How The Leopard changed its spots by Griselda Heppel
I’m finally getting round to a book I should have read long ago. It’s one of the world’s great classics and I’m slightly embarrassed not to have tackled it before, especially as so many people have told me how brilliant it is.
Set in Sicily in1861, The Leopard by Giuseppe Tomasi di Lampedusa is a powerful account of the Italian Risorgimento through the eyes of Prince Fabrizio Salina, whose coat of arms provides the book’s title. But rather than a blood and thunder depiction of Garibaldi’s arrival with his 1000 Redshirts, followed by the collapse of the Bourbon royal forces under his swift onslaught, the narrative concentrates on the effects such huge social and political upheaval had on the Sicilian class system, still largely unchanged since feudal times. Accustomed to a power over household, lands and the local populace that Henry VIII - no slouch himself when it came to autocracy
- might have envied, Prince Fabrizio
|No slouch to autocracy: Henry VIII
forced to bow to expediency, voting for the Unification of Italy against the interests of his own class, and dealing with the unsavoury, corrupt, fabulously wealthy-through-illicit-means Don Calegero, several rungs beneath him on the social ladder. Politically astute, the prince does these things to survive. ‘Everything must change in order for everything to remain the same,’ is the most famous quotation from this book.
To my surprise, The Leopard is a terrific read. All that everyone has said about it is true.
So why the surprise? Well, when I said I’d never tackled it before, that wasn’t quite true. A long time ago, in my gap year, I spent a couple of months in Florence learning Italian (mainly by way of articulating ice cream flavours and trying not to be accosted in the street). Somewhat ambitiously, I borrowed a copy of Il Gattopardo from the library but got no further than the first few pages. Not just because the language was difficult; if the story had grabbed me I’d have persisted, or at least switched to an English translation. No, it was the character of the prince himself that disgusted me, in particular the cruel, disdainful way he treated all the women around him. A hero who behaved like this was one I wanted nothing more to do with. And this was decades before #metoo.
Now, taking The Leopard up again, I was prepared to find my rudimentary Italian of the time at fault. Surely Salina couldn’t have been as bad as all that.
Oh yes, he could. I hadn’t grasped the half of it. In the first 20 pages, he terrifies his grown-up children into quaking submission, while a timid gesture of affection from his wife prompts him to call publicly for his carriage late at night in order to visit a brothel, leaving the hysterical Princess alone and pleading from the bedroom window. At the brothel, Marianina, blank-eyed and worn out by over use, duly obliges, poverty and social inferiority giving her no other choice. Both her miserable situation and his sad, neglected wife’s give the prince a brief twinge of conscience, but not much. I very nearly threw the book on one side all over again.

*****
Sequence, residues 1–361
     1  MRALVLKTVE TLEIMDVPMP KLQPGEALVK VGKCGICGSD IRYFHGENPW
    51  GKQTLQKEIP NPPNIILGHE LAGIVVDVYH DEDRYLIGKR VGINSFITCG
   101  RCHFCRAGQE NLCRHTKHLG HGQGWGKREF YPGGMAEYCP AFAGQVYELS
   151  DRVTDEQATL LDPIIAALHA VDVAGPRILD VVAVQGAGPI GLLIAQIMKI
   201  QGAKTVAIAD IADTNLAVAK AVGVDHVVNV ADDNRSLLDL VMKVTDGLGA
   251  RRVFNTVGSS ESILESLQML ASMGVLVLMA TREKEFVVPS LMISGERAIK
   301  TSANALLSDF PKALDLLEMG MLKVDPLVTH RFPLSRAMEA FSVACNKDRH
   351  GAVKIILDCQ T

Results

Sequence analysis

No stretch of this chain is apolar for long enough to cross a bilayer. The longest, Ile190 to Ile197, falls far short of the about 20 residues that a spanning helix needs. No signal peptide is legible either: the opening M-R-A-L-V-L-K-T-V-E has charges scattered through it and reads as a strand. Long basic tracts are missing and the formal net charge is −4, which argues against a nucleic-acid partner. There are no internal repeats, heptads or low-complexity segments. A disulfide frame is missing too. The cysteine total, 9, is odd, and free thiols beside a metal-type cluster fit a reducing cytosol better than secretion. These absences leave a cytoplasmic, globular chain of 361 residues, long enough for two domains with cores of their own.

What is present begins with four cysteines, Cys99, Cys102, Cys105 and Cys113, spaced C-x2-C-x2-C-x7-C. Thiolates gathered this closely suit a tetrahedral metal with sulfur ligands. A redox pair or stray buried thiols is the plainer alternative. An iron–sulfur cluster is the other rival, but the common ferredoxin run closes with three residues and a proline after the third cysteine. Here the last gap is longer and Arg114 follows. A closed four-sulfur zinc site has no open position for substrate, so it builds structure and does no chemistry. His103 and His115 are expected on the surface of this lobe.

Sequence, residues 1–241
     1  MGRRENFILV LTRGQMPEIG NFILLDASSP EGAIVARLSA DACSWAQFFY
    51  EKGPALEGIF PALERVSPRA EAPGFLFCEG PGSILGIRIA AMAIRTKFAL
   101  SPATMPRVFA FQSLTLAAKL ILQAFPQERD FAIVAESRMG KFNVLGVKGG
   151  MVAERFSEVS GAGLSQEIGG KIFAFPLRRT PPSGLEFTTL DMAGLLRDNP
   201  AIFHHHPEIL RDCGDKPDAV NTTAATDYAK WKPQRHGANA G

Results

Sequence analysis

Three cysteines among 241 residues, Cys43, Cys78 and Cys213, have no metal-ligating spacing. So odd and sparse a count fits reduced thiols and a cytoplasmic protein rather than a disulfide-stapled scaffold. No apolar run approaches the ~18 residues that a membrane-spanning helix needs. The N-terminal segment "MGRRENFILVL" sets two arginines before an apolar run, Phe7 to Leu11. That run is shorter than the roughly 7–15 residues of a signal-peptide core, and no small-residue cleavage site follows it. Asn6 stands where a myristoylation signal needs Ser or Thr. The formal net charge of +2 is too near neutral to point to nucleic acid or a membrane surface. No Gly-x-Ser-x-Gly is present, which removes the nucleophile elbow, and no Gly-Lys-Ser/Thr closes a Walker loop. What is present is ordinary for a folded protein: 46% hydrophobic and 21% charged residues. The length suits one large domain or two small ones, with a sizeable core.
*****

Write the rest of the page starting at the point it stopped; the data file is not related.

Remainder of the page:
But I didn’t. And reading on, I realised what Lampedusa was doing. He allows his hero to behave this way not because he finds it admirable, but the opposite. Significantly, Salina never again shows such heartless brutality as in these first pages; rather, he develops as an intelligent, reasonable, even kind landlord who doesn’t hound his tenant farmers for their rents and tries to persuade them to give the new regime their mandate, knowing it will be the worse for them if they don’t. By creating such a rounded portrait, Lampedusa shows how power corrupts even the most decent, humane, magnanimous spirit; the prince is a tyrant to his wife, family and underlings because he can be. I expected The Leopard to be a lament for a golden, paternalistic age; instead, while Lampedusa portrays the new nationalist government as hypocritical and corrupt from the word go, he is equally clear-eyed about the flaws of the system it is replacing.
|Garibaldi, red-shirted hero of Italian Unification
Oh, and there’s also that small matter of Tancredi having to marry money - a lot of it - since before dying, his father managed to gamble away the entire Falconeri family’s wealth. Really, the nobility - a class to which the author himself belongs - doesn’t come out of the story very well.
While I wish I hadn’t left it quite so long, I’m glad I didn’t force my 18 year-old self to continue reading The Leopard (bad enough having to do that with Middlemarch, a book I’ve never learnt to love). I’m not sure I’d have got the subtleties at that age, and fear I might have fallen for the easy, boyish, swashbuckling charm of Tancredi, just as his uncle does.
And I’m only half way through. Tancredi may yet develop into something more than a handsome figurehead for the old aristocracy, surviving by allying itself to a voracious, politically aware, ruthless nouveau riche in the form of the beautiful Angelica Calagero.
I’m not holding my breath.